Guest Columnist - John Ropa
Posted: February 5, 2016
I am very reluctant to do what I now must do. I have to introduce you to Charley, the most ornery, obnoxious man I have ever met. Charley had seasonal affective disorder in each of the four seasons. He laughed only at wakes, funerals, emergency rooms and while he motored along at 35 miles per hour in the passing lane on the Beltway. With each day, Charley disproved the adage that "there is something good in everyone". Quite simply, Charles is a man you'd never want to meet.
In spring, Charley was the Johnny onion seed of garlic mustard, a nasty invasive which is virtually impossible to remove. Late at night, Charley would sneak through neighborhood gardens, placing the seeds carefully where the plants would be exceptionally hard to eradicate.
He spent much of the summer harboring Japanese beetles and planting things, like cherry trees, that would bring more beetles into the area. His favorite song was Tom Lehrer's "Poisoning Pigeons in the Park" and he followed the instructions to the letter, also hoping to get a sparrow or two. Whenever he encountered someone fishing in the local waters, he would proceed to throw rocks into the pond, usually for an hour or until the fishermen left.
Charley didn't believe in anything, let alone Santa Claus, but just in case, every Christmas Eve he built a huge fire in his fireplace, and sure enough, on Christmas morning, the plate of crackers and the six pack were still where he had placed them.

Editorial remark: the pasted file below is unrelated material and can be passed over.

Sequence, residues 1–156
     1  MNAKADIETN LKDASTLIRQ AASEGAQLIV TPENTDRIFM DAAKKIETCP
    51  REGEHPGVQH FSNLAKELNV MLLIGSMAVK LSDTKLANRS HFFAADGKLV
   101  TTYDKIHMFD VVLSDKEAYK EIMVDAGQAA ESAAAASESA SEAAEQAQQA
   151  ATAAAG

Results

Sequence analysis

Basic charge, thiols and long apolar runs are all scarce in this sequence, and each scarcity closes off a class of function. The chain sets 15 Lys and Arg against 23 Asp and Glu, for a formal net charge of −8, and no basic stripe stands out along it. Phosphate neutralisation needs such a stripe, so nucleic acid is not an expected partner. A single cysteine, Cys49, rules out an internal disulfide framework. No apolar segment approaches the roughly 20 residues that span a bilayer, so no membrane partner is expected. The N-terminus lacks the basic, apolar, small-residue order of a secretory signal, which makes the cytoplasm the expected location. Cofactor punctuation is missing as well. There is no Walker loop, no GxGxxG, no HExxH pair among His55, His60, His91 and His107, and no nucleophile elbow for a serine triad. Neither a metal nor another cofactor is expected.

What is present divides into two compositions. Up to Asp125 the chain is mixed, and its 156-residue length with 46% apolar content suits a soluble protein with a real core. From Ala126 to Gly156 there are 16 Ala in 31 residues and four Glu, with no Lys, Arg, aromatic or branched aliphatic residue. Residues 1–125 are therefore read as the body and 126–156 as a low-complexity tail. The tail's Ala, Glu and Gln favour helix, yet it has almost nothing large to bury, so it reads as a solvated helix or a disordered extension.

He never married, nor did he ever even have a date. The LGBT group, as well as the entire straight community, rejected him. These rejections didn't bother him; rather, they reinforced his misanthropic approach to everyone. Some left wing, newer dictionaries use his name as the definition for misogynist. Charley's only distinguishing feature were enlarged nostrils cause by his incessant nose picking.
The local constabulary followed him on occasion, hoping to catch him in some pedophile act, but they were never successful because, like everything else, Charley hated kids.
If he ate at a restaurant, his tip, if any at all, rarely exceeded one percent.
Finally, you can imagine how dumbfounded I was when society named a day after Charley Valentine.
John Ropa is a retired executive with Abbott Laboratories. He wrote a book, entitled "The Non-Product Consolidation Operation", published by Xlibris Corporation. (1-888-7-XLIBRIS)